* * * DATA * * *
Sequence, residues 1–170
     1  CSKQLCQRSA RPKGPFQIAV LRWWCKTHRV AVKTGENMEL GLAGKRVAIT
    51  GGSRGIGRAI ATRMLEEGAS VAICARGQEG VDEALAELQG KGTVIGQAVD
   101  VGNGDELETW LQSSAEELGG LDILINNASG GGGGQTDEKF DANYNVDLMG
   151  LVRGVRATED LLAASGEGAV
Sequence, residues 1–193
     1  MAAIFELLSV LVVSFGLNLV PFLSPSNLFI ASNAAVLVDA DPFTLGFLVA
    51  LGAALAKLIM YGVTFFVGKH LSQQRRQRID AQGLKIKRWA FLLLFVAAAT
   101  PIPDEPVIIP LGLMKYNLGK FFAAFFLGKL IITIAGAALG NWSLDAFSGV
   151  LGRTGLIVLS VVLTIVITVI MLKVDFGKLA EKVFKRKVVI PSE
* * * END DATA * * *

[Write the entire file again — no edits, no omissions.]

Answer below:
Sequence, residues 1–170
     1  CSKQLCQRSA RPKGPFQIAV LRWWCKTHRV AVKTGENMEL GLAGKRVAIT
    51  GGSRGIGRAI ATRMLEEGAS VAICARGQEG VDEALAELQG KGTVIGQAVD
   101  VGNGDELETW LQSSAEELGG LDILINNASG GGGGQTDEKF DANYNVDLMG
   151  LVRGVRATED LLAASGEGAV
Sequence, residues 1–193
     1  MAAIFELLSV LVVSFGLNLV PFLSPSNLFI ASNAAVLVDA DPFTLGFLVA
    51  LGAALAKLIM YGVTFFVGKH LSQQRRQRID AQGLKIKRWA FLLLFVAAAT
   101  PIPDEPVIIP LGLMKYNLGK FFAAFFLGKL IITIAGAALG NWSLDAFSGV
   151  LGRTGLIVLS VVLTIVITVI MLKVDFGKLA EKVFKRKVVI PSE